Anterior Ischemic Optic Neuropathy (AION) Workup

Updated: Feb 16, 2021
  • Author: Andrew A Dahl, MD, FACS; Chief Editor: Hampton Roy, Sr, MD  more...
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Laboratory Studies

The erythrocyte sedimentation rate (ESR) should always be immediately obtained in patients with anterior ischemic optic neuropathy (AION). In patients with arteritic AION, the ESR is usually elevated, although 10% of patients may have a normal ESR. In nonarteritic anterior ischemic optic neuropathy (NAION), the ESR is more likely to be normal, assuming no comorbid condition is present. The Westergren ESR is thought to be more reliable than the Wintrobe ESR.

A hematology group is useful. Mild anemia may be present.

Other blood tests, such as the C-reactive protein (CRP), have been found useful in diagnosing giant cell arteritis (GCA). In a few patients with GCA, the CRP level has been shown to be elevated despite the finding of a normal ESR.


Imaging Studies

Ultrasonography of the temporal arteries and ocular Doppler ultrasonography have been described, but the utility of ultrasonographic evaluation in the differentiation between arteritic anterior ischemic optic neuropathy (AION) and nonarteritic anterior ischemic optic neuropathy (NAION) has not been proven.

Ocular plethysmography (OPG) findings have been described as being abnormal in patients with arteritic AION.

MRI is useful in younger individuals in attributing unilateral visual loss of optic nerve origin to possible demyelinating disease. It is not useful in older age groups, in either the arteritic or nonarteritic form of AION.

CT scanning is not useful in either the arteritic or nonarteritic form of AION.

Fluorescein angiography has been suggested as a possible method of distinguishing arteritic AION from NAION. With arteritic AION, a markedly prolonged choroidal filling time is usually present.

Angiography of the cerebral circulation has been useful in giant cell arteritis (GCA), showing segmental stenosis or even occlusion of the extracranial vessels. However, angiography is rarely used because of its invasive nature. CT angiography has been described as sometimes revealing segmental stenosis in GCA.

Optical coherence tomography (OCT) has been used in patients with AION with success. [16]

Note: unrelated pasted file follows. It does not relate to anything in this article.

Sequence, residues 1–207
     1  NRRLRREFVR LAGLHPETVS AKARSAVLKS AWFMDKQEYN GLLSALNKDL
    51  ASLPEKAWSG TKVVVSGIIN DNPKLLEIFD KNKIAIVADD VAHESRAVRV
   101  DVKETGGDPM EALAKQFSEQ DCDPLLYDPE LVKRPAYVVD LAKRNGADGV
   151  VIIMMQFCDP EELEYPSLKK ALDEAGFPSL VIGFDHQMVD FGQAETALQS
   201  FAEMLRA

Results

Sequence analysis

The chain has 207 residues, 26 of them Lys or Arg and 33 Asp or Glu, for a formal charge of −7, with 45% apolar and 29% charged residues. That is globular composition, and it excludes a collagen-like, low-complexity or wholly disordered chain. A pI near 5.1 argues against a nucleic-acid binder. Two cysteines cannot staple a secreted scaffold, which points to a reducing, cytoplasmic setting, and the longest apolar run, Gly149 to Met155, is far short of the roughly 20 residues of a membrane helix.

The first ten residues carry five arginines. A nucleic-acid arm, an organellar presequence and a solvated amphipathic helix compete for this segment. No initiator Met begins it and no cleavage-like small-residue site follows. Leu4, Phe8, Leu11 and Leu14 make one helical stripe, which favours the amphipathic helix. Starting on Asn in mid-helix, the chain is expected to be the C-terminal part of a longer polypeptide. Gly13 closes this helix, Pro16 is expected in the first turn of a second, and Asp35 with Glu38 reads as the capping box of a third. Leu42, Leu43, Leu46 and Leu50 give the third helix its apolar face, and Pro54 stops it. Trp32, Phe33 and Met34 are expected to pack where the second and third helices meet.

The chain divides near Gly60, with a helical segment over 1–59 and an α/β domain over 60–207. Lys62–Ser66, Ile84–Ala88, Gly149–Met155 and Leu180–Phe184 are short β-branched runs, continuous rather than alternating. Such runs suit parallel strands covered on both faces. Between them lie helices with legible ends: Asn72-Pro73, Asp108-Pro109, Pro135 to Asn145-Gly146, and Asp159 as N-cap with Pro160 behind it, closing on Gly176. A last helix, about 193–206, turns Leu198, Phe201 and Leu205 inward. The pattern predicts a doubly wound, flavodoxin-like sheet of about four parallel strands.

Temporal artery biopsy is used to diagnose giant cell arteritis (GCA). It is especially useful in patients with any of the symptoms of GCA or in patients with visual loss and a high ESR or CRP. A normal result of the temporal artery biopsy is often used to exclude the diagnosis of GCA in older patients with anterior ischemic optic neuropathy (AION).

Whenever possible, a biopsy specimen of at least 2-3 cm should be obtained to minimize the possibility of missing the diagnosis because of skip lesions. Bilateral temporal artery biopsies increase the yield of positive results. A second temporal artery biopsy should be considered if GCA is still suspected despite an initial negative result of the first temporal artery biopsy. Delaying the second side a few weeks may improve the yield of a positive biopsy result on that second side.

Biopsy should generally be performed either before or soon after the initiation of steroid therapy, although positive biopsy results can sometimes be obtained months after steroids have begun. 


Histologic Findings

The idiopathic form of ischemic optic neuropathy has no characteristic pathology other than obliterative occlusion of the cilioretinal arteries and ischemic necrosis of the optic nerve head in variable degree.

Giant cell arteritis (GCA) has a characteristic inflammatory infiltrate that has a granulomatous appearance, sometimes with giant cells. Complete occlusion of the ophthalmic artery within the orbit may result in ischemic changes of the globe in its entirety. The use of frozen section for temporal artery biopsy is very useful in determining arteritis, and it may establish the diagnosis with a single temporal artery biopsy. Rarely, if the initial temporal artery biopsy result is negative, the contralateral biopsy result may be positive due to minimal involvement or skip areas. Inflammatory infiltrate in the adventitia often is considered to be sufficient evidence for diagnosis, even with the elastica intact.